I remember all the pronouncements about how the iPad was going to destroy the eBook reader market, but it hasn’t quite turned out that way. Kindle hardware sales are thriving, with B&N’s Nook line running a distant but respectable second, and Sony and Kobo fighting over who will challenge Nook for the #2 spot later on. Apple’s iBookstore is there, but it’s far behind the Kindle Store in sales and probably brings up the rear behind B&N.com and Smashwords. And I don’t think Apple cares all that much. If they did, they’d talk up the eBook reading aspect a lot more in their advertising.

So why is Apple demanding a 30% cut of everything? I can see it for apps — Apple maintains the App Store, paying for the server farms that run it, dealing with payments, and keeping the front end (i.e. the web site) running smoothly. But when we’re talking about buying eBooks through the Kindle and Nook apps, Apple isn’t out of pocket for any of that. There’s something else going on here.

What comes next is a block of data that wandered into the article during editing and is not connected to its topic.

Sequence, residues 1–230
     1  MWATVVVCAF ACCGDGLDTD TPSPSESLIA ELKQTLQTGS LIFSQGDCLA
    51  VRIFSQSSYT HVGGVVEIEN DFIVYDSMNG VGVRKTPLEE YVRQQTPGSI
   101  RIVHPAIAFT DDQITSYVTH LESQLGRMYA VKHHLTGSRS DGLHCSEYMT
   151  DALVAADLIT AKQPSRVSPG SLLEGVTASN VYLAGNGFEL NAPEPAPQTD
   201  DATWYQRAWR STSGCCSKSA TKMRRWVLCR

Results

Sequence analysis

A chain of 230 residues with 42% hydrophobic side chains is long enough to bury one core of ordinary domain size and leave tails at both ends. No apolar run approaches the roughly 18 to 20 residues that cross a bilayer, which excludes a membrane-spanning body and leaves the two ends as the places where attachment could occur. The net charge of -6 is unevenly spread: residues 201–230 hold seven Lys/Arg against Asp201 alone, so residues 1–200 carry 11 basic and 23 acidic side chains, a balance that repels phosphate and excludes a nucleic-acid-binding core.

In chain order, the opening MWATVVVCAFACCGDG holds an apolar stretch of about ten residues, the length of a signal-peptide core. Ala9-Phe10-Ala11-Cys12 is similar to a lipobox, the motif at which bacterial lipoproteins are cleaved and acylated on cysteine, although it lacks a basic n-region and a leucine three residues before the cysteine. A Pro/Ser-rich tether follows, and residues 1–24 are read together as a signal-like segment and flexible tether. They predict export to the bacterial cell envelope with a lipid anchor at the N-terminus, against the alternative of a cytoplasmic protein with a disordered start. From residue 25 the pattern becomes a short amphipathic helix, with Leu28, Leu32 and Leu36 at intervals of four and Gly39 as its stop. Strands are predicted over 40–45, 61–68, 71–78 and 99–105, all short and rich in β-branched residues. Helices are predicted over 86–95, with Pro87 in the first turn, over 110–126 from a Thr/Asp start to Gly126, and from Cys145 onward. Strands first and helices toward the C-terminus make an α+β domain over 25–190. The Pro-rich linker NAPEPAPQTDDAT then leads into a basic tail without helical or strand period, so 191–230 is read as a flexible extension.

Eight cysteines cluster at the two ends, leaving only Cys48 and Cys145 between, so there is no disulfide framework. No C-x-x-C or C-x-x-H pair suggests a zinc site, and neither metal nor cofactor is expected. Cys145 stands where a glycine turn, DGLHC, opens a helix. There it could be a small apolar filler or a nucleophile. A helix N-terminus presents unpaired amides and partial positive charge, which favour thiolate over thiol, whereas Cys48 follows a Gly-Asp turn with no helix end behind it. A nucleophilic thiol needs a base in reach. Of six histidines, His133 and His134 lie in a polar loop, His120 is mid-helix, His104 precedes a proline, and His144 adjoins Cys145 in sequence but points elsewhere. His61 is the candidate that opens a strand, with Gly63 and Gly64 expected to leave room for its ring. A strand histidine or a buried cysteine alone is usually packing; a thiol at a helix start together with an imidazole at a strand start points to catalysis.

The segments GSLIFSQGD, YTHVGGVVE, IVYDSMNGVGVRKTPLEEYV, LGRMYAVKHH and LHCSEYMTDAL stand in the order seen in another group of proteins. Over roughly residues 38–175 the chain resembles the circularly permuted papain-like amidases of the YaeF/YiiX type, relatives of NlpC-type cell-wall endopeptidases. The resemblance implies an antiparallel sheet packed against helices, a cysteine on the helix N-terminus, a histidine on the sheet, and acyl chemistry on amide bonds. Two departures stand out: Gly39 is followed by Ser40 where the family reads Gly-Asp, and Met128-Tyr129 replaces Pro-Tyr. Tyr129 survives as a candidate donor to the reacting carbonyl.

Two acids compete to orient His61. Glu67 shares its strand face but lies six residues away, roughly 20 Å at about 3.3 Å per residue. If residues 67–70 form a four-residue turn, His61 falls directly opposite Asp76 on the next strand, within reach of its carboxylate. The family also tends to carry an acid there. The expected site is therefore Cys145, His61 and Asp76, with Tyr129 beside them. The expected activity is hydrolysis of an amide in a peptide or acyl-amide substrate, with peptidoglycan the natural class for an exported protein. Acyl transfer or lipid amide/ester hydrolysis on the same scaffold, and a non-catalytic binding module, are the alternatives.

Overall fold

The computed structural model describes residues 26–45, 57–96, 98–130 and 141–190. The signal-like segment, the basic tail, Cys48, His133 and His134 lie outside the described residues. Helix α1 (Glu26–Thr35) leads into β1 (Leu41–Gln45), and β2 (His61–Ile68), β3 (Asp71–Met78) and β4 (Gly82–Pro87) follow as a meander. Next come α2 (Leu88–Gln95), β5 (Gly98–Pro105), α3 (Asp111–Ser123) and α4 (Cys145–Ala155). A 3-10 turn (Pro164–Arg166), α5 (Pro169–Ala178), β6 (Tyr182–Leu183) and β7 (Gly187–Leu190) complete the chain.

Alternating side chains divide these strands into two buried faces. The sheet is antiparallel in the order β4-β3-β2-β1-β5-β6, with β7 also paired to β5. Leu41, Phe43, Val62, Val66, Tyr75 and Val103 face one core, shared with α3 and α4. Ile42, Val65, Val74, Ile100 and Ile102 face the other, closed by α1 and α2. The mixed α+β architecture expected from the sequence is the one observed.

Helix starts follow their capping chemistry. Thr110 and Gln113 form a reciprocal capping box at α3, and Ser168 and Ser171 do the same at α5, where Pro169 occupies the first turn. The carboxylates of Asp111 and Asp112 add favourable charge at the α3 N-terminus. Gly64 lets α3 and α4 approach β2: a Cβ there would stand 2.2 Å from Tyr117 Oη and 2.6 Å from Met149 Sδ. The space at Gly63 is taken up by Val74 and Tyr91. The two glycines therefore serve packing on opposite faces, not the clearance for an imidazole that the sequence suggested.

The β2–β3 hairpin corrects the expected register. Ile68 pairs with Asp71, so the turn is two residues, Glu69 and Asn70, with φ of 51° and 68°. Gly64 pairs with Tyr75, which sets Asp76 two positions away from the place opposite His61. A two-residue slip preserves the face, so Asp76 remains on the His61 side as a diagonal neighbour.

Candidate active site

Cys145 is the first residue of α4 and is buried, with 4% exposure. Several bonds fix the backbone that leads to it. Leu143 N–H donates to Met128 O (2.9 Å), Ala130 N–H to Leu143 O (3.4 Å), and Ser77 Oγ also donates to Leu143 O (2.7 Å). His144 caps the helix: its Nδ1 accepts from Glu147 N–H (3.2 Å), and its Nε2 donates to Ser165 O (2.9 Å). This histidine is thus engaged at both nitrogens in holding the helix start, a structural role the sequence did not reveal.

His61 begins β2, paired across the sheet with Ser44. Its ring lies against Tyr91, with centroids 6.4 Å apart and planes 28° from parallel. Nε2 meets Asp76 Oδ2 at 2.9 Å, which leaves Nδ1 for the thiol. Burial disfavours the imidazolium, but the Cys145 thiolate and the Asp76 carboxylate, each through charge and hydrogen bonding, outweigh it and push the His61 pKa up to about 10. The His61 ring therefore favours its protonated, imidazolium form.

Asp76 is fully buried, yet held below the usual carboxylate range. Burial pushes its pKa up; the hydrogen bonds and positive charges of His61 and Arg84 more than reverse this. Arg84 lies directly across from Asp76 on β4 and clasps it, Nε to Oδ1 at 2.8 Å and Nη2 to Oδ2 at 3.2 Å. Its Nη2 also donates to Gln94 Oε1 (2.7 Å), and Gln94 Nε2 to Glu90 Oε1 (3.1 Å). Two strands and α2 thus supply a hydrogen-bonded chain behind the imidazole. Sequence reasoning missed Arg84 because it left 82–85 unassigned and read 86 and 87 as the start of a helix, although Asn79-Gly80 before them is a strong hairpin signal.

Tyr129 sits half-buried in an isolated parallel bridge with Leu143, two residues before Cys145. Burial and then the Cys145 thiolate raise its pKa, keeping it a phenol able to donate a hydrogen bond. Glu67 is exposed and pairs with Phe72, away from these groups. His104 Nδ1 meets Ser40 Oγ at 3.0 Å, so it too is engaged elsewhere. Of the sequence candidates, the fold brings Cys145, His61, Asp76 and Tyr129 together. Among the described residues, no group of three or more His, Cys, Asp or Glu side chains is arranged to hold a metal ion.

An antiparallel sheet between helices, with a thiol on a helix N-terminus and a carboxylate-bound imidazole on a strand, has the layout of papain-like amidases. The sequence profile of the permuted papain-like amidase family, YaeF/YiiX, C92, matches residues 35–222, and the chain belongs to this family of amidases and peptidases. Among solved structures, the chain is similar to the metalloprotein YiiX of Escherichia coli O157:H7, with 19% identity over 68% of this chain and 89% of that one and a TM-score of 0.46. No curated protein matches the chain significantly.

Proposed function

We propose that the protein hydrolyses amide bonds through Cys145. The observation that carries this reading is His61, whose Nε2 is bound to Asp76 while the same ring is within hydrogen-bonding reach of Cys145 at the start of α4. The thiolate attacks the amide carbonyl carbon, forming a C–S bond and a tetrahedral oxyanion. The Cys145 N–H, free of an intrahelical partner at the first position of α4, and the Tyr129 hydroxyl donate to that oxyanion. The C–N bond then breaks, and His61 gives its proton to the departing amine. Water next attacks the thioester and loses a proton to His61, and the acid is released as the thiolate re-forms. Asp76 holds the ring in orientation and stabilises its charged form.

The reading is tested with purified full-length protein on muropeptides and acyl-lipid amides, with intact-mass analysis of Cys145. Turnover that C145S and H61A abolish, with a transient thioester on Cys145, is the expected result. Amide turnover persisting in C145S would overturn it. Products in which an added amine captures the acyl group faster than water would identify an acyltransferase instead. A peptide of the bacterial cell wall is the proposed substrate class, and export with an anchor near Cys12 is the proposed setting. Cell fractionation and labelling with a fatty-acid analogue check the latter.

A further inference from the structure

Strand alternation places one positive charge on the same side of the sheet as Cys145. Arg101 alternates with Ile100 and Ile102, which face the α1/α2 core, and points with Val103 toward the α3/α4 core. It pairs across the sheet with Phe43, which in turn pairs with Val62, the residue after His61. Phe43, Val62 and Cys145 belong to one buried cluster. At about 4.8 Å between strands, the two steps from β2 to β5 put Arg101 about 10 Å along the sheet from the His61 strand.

Personally, I think it’s a negotiating position. There’s a popular school of thought that says to ask for the moon in the initial round of negotiations, so you can “compromise” a lot and still get what you really wanted to begin with. Google responded with OnePass, which takes “only” a 10% cut, and I expect that Apple will match it or even undercut it by their self-imposed June 30 deadline for app providers. Credit card companies take 2.5%, so I expect that everyone will head that way sooner or later. Competition or antitrust action, either way things will improve.